* Settlement part of wider tax shelter prosecution
* Criminal prosecution deferred under agreement
By Dena Aubin
NEW YORK, June 13 (Reuters) - Accounting firm BDO USA has agreed to pay $50 million to settle charges of selling tax shelters that generated $6.5 billion in phony tax losses for wealthy clients, U.S. prosecutors said on Wednesday.
The penalty is part of a wide-ranging, nearly decade-old government case against illegal tax shelters. Big Four accounting firm KPMG narrowly avoided an indictment in 2005 over its sale of tax shelters and was fined $456 million.
BDO, formerly known as BDO Seidman, admitted to criminal wrongdoing and reached an agreement to have criminal prosecution deferred if certain conditions are met, the U.S. Attorney’s Office in Manhattan said in a statement.
The tax shelters resulted in evasion or attempted evasion of about $1.3 billion in taxes between 1997 and 2003, the U.S. Attorney’s Office said.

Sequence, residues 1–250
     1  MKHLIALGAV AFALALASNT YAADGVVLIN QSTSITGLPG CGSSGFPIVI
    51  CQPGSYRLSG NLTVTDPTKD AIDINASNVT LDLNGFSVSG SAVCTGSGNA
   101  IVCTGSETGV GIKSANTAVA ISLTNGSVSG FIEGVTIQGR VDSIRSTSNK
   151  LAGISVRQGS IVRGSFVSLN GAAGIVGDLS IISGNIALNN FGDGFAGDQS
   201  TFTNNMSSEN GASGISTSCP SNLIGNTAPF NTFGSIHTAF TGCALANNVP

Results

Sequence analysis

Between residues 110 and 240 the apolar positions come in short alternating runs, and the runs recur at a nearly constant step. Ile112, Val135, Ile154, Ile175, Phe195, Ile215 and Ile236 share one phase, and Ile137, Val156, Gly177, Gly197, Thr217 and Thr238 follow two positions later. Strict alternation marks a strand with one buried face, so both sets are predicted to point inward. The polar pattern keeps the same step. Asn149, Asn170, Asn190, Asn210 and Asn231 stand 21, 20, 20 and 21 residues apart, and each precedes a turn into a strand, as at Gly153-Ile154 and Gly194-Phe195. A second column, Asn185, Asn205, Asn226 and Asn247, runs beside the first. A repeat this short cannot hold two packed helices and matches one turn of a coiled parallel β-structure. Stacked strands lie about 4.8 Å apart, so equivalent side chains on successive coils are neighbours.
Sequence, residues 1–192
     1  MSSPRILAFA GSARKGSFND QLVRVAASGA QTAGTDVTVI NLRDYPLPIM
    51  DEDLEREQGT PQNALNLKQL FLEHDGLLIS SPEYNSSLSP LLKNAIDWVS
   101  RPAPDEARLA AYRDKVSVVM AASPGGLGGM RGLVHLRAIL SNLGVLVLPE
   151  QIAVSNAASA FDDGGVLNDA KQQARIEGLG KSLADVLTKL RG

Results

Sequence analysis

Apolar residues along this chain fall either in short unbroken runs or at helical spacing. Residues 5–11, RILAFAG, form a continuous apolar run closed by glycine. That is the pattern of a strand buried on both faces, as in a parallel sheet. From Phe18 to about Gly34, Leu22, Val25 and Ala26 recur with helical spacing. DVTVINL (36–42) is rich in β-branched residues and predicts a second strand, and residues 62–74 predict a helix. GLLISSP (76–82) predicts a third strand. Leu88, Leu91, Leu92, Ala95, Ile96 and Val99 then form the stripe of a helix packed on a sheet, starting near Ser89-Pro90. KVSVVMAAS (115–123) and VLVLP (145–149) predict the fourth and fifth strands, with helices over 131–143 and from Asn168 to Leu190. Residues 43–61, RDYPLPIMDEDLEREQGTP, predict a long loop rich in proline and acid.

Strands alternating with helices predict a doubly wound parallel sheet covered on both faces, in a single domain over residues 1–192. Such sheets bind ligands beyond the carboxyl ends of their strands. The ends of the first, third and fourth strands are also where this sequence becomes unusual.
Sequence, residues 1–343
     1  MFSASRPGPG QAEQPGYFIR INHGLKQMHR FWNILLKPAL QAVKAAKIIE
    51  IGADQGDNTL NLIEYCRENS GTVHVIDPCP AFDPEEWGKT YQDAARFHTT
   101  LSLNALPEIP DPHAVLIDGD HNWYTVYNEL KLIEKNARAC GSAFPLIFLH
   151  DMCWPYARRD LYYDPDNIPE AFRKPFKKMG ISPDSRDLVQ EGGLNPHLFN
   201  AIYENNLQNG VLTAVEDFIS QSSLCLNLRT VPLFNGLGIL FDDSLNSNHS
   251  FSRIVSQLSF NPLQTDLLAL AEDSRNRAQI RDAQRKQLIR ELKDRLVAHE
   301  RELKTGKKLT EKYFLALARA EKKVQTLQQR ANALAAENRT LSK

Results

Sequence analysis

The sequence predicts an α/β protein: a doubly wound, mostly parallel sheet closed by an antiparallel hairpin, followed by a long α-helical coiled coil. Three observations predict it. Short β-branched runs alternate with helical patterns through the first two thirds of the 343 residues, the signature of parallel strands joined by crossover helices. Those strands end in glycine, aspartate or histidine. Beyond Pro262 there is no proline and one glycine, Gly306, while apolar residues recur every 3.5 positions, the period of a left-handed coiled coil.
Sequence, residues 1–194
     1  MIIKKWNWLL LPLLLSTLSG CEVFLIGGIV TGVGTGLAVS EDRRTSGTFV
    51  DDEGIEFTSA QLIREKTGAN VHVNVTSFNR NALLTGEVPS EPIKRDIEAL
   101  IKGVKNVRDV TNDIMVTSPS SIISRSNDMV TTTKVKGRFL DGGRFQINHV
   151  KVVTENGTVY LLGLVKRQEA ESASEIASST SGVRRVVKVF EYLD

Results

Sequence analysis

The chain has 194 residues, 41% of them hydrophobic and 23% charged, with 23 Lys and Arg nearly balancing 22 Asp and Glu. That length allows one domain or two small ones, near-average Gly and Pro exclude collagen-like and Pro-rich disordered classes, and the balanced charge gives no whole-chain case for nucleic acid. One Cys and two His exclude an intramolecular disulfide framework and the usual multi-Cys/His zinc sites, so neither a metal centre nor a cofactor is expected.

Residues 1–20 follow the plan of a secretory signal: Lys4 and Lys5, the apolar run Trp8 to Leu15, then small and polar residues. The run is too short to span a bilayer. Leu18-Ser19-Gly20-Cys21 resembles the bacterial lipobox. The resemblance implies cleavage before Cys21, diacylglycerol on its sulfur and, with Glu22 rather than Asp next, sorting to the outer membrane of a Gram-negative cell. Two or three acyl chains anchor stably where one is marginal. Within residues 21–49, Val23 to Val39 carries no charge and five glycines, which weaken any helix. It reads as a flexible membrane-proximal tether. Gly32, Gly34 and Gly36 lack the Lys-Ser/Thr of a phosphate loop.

Ranked as the seventh-largest U.S. accounting firm in 2011, BDO has also agreed to permanent controls on its tax practice, prosecutors said.
“This is the latest step in the federal government’s investigations of numerous national accounting, law and financial services firms, which began almost 10 years ago,” the firm said in a statement. “BDO is pleased that these matters have been brought to a resolution.”
BDO said it had cooperated with the Internal Revenue Service in the case.
Former BDO Chief Executive Officer Denis Field was indicted in June 2009 for his participation in the tax schemes and is awaiting retrial.
The tax shelters, designed to appear to be investments, were in fact “a series of pre-planned steps that assisted BDO’s high-net-worth clients to evade individual income taxes,” the IRS said in a statement
The shelters were known as spread options, currency option investment strategies, distressed asset debt, and other names, the IRS said.